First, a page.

January 17, 2008
RENEWING A TEACHING CERTIFICATE
By: Judith Lohman, Chief Analyst
You asked several questions about renewing or continuing a Connecticut state teaching certificate. The questions and answers are listed individually below. For your further information, we attach two State Department of Education teacher certification fact sheets, #107 and #117, that provide additional detailed information.
When does a teacher need to recertify (renew his teaching certificate)?
Connecticut has three levels of teaching certificates, each with a different duration and renewal requirements.
● Initial certificates are issued to teachers who meet the coursework and testing requirements and have less than three years' teaching experience in the last 10. An initial certificate is valid for two years and may be reissued five times.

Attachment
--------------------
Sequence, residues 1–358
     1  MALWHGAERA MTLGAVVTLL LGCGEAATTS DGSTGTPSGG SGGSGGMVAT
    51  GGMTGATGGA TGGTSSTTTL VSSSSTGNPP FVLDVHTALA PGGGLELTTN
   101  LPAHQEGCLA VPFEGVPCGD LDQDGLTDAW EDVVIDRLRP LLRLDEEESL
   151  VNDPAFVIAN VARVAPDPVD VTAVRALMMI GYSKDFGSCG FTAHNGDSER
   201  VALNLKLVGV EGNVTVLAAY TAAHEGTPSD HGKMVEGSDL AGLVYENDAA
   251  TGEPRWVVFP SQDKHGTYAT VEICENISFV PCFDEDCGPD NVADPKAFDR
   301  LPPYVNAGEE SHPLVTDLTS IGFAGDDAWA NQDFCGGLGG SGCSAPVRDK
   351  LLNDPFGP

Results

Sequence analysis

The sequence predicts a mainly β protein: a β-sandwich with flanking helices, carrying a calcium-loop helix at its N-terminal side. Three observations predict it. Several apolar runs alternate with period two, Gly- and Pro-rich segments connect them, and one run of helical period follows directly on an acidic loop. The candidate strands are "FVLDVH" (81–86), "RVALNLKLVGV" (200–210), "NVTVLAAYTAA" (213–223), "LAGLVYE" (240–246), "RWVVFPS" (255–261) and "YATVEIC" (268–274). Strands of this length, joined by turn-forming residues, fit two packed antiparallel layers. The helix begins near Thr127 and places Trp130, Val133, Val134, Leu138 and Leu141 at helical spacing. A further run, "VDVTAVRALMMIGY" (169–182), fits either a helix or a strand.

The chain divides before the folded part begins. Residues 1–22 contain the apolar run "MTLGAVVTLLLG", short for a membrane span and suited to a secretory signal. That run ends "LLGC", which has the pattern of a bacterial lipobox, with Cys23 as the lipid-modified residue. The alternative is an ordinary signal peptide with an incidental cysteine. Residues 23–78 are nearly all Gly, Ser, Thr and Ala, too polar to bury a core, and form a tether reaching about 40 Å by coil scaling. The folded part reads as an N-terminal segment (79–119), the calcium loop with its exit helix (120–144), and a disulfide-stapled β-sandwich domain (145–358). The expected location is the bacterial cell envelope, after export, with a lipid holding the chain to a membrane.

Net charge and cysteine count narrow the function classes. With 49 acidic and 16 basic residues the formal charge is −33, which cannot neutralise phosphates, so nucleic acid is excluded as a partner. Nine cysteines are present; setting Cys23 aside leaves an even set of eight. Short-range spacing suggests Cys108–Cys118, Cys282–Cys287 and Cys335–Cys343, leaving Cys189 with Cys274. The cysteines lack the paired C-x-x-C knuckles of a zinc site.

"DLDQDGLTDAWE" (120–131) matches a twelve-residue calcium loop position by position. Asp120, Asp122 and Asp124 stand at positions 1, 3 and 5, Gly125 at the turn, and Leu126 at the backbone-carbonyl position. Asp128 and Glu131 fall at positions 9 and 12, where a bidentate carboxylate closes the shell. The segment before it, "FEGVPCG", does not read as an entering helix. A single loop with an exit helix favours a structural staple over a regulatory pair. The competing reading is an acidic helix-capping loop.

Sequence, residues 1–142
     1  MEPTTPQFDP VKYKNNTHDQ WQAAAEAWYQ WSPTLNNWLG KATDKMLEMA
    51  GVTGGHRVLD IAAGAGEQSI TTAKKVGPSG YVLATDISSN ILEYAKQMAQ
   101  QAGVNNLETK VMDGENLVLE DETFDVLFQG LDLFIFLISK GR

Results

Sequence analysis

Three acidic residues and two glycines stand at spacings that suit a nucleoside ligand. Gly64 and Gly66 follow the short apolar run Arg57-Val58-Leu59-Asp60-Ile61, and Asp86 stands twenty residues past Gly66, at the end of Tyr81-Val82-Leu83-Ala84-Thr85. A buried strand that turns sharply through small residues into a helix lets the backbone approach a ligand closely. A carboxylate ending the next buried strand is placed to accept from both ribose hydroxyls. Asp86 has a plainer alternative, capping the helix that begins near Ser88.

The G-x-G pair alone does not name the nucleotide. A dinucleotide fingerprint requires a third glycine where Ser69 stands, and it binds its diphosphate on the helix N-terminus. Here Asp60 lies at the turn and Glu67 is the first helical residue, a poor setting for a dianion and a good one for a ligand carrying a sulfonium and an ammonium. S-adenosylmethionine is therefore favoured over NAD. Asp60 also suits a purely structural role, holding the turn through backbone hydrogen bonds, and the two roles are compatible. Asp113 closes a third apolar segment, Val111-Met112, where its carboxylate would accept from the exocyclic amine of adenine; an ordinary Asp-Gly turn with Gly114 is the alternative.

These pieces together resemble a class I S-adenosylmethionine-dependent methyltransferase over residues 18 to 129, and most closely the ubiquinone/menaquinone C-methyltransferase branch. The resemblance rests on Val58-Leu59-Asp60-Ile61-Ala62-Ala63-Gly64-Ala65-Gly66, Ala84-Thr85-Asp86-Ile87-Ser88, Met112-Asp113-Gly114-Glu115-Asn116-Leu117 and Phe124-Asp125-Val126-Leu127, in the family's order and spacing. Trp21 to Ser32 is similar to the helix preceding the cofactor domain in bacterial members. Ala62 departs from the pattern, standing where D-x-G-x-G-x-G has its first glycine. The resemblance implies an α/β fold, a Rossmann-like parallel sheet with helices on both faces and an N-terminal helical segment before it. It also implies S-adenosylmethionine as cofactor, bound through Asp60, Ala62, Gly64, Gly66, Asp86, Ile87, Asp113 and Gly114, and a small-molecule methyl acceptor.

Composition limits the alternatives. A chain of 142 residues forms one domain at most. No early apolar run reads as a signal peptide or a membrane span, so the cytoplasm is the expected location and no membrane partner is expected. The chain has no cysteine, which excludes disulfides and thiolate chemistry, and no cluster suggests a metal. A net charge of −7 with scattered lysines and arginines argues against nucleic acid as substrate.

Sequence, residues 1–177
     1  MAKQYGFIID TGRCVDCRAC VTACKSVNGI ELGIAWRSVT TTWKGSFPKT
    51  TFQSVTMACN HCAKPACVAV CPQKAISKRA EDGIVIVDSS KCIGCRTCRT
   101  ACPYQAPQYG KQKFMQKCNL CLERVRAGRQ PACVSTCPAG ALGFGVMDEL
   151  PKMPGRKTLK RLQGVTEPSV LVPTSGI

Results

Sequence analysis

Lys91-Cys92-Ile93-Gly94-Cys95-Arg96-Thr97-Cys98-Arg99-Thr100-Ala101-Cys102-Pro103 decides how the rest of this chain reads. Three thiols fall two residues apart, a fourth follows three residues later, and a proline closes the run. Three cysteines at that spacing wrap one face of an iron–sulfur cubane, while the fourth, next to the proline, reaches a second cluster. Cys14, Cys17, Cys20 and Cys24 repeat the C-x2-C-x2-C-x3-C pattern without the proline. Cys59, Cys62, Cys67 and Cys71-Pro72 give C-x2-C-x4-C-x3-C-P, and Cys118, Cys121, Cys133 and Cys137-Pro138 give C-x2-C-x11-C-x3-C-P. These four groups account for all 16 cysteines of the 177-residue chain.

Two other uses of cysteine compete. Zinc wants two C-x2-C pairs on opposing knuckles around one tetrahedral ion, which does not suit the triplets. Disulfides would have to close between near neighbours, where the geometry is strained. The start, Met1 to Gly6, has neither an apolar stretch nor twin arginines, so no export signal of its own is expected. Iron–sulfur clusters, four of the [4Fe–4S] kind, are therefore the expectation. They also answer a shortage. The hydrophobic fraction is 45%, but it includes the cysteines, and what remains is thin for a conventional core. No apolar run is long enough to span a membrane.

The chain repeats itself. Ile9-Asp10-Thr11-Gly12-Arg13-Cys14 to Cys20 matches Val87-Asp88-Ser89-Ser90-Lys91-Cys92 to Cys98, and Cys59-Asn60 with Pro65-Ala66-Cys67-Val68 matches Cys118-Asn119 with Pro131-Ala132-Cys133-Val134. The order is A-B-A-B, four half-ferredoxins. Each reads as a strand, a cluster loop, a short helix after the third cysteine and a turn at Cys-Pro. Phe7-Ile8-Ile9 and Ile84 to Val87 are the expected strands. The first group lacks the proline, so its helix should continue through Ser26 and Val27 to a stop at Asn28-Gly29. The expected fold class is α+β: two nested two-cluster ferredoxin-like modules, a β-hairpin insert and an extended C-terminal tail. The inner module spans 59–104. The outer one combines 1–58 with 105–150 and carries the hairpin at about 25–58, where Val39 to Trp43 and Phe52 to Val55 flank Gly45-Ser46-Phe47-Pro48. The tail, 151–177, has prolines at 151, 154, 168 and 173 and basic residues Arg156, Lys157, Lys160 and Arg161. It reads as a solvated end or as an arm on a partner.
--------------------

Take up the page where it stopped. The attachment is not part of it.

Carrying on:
● Provisional certificates, which are valid for eight years, require (1) one year of successful experience under an initial certificate and completion of the Beginning Educator Support and Training (BEST) Program, if available; (2) three years of successful experience in the past 10 years; or (3) successful experience during the preceding school year under the types of provisional certificates issued before 1989.